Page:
In contrast, the remote work revolution is creating a more sustainable long-term tourism with better distribution across the territory, even creating a true urban exodus.
In this context, how can tourism evolve, including nautical and coastal cities?
What is the role of the growing “new tourists” digital nomadic workers and the impact on local communities? What is the role of the different stakeholders?
The development model adopted by the largest global economies in recent decades has, along with undeniable civilizational gains, caused numerous asymmetries and social, economic and environmental costs. In the field of the blue economy, there are many industries that depend on the sea for their long-term survival. Sectors such as fisheries, maritime transport, tourism, renewable energies, etc., are just a few examples of dependence on a healthy ocean. Climate change is the cause and consequence of the models adopted. The great hope of countering the accelerated degradation of the environment, in general, and of the health of the sea, in particular, lies in the education / literacy of the sea and in science and technology applied to a model of prosperity. Only through innovative solutions will we be able to change the “status quo” that leads us to “Business as usual”. All projections confirm that this inertia, even if optimized, would lead us to the precipice, putting the sustainability of the planet and human life at risk.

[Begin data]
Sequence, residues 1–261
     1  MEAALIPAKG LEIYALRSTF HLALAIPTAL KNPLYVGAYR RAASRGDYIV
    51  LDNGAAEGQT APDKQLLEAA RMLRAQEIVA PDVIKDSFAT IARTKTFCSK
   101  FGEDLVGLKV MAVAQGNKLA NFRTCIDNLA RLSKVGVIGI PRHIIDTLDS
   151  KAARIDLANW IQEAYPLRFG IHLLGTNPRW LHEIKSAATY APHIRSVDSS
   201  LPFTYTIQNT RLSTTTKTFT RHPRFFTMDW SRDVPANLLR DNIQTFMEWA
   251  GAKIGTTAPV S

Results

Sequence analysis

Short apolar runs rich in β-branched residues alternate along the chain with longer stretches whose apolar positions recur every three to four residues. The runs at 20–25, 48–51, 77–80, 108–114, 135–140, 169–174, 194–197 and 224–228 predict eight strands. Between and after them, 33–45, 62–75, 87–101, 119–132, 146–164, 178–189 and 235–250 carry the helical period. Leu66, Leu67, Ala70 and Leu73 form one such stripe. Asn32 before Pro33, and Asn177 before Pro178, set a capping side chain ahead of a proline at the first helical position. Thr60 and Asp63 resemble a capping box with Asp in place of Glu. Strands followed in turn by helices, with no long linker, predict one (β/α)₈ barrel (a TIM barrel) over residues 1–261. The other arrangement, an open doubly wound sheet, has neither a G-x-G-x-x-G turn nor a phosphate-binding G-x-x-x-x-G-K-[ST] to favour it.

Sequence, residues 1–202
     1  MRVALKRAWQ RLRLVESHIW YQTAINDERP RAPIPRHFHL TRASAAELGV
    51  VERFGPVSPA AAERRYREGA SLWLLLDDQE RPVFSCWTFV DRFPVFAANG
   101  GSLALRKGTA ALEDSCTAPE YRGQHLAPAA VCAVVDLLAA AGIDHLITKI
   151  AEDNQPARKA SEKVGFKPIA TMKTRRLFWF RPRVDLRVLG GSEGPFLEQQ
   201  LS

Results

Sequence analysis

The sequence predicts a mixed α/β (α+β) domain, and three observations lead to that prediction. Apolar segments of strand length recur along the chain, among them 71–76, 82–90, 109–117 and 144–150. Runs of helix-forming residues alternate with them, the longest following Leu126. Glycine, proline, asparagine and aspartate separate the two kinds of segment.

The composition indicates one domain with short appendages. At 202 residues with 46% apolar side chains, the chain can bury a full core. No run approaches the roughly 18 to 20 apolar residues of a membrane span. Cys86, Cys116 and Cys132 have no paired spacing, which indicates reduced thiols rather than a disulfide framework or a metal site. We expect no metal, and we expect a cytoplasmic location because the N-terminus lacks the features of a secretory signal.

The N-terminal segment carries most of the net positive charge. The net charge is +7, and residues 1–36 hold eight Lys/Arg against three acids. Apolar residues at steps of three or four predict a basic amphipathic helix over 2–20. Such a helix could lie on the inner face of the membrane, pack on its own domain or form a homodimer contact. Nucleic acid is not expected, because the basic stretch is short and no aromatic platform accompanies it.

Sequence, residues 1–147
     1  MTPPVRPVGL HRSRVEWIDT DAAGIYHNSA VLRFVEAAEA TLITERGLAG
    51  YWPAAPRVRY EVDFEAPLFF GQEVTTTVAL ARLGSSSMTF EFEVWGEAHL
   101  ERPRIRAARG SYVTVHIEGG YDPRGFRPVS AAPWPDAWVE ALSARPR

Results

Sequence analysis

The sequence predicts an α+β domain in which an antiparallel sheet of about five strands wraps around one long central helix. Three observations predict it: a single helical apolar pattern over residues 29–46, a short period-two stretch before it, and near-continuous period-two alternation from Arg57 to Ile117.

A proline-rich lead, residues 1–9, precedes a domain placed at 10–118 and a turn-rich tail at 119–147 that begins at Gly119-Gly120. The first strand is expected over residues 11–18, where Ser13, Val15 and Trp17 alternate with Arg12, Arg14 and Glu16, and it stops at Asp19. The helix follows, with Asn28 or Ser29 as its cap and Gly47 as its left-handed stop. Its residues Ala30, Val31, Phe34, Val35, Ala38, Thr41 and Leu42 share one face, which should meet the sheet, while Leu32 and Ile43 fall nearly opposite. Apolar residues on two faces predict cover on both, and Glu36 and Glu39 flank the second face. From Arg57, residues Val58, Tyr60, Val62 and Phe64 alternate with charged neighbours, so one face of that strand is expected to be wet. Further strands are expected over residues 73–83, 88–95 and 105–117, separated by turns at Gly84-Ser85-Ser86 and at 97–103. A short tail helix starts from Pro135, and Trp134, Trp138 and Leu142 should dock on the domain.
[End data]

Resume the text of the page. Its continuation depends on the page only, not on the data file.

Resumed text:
What innovative models and solutions are outlined? What is the role of new technologies? How can Science and Research contribute?